The wall bricks measure-chronology curve defined for Genoa, including also the ancient Genoa Republic territory, ranges from the XIIth to the XIXth century, and in better cases allows dating with a five years tolerance. A flooring bricks curve is also been developed. Special curves have been traced for sub-regional territories whith specific political and economical history: Savona, Albenga and Finale. Other curves hare been realized for adjoining lands: Alessandria, Asti. More than seven thousands dating operations have been realized by measure-chronology.
A more difficult case is represented by "stones measure-chronology". The result tolerance in this case may be in the 1 to 2 centuries range, but physical dimensions alone seem not to be enough for reliable dating, and need to be integrated with the wall-building techniques chrono-typology or other tools. A more interesting case is the study of the black and white marble bands on ancient facades, a typical medieval feature of this region.
This dating tool is widely known, it allows to identify the date of a wood constructive element reading the sequence of ring thickness values of the tree section, by comparison with reference curves, specialized both on the climatic region and on the different species of woods.
A dendro-chronology curve for chestnut has been developed in Liguria, extending from the beginning of the XVIth century, with some uncertainty on the initial period.
Conifers dating is possible by comparison with curves of other regions (Provence, Austria, Central Alps), integrating them with reliable reference sequences of woods installed in Liguria since XIVth century; the same thing happens for oak-trees.
6. Plastered buildings configuration analysis
A new research is now in progress, within the University of Genoa, to rationalize a chronology for building conformation analysis, both general structure and details. This tools is targeted mainly to plaster-covered buildings, where it is more difficult to apply building stratigraphy. This new tool allows a real archaeological analysis also in these more complex cases, with its own tolerance level.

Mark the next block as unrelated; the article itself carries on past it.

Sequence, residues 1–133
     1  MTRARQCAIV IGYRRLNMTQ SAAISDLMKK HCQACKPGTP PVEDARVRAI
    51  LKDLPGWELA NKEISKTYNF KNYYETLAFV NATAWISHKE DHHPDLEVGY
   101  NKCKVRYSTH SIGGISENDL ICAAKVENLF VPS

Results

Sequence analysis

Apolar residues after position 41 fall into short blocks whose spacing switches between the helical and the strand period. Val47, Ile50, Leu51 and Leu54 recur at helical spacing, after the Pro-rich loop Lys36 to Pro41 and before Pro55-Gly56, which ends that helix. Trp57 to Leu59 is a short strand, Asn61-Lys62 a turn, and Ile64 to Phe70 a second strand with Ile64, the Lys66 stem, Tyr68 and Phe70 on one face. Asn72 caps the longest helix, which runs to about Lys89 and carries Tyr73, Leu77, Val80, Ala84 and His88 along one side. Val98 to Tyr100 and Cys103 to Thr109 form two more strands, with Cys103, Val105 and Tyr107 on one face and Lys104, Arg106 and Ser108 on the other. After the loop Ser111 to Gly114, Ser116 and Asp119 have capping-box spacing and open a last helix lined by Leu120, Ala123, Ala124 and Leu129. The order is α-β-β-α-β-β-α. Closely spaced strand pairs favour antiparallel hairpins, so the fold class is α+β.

7. "Indirect sources archaeology"
Another research is in progress at D.S.A., Sciences for Architecture Dpt., University of Genoa on the comparative reading of technical archive documents (building contracts, specifications and tenders, materials trading, etc.) and the material datum of the ancient building reality. Seven hundreds documents have already been collected and indexed. The target is an "historical building glossary", describing the building objects and elements. Indirect sources archaeology should also be a dating tool, reporting chrono-typological keys obtained by written and iconographic sources: first and last quotation of a given material, an architectural element, a technique. Another issue is the comparison between intentions and practical results of the ancient builders, taking into account the operating practice reported in documents.
The related use of all the above mentioned dating methods and instruments (dendrochronology, chronotypology, measure-chronology of bricks and stones), compared with non destructive stratigraphic inquires and "configuration analyse" allow to reach a sort of "objective history" of architecture. This particular kind of history enriches our knowledge and gives useful information for a more careful and efficient conservation of cultural and architectural heritage.
An objective history of architectural artifacts can in fact be obtained correlating relative and absolute dating tools, integrated where necessary with other dating methods and scientific analyses (thermoluminescence, radiocarbon, thermography, etc.).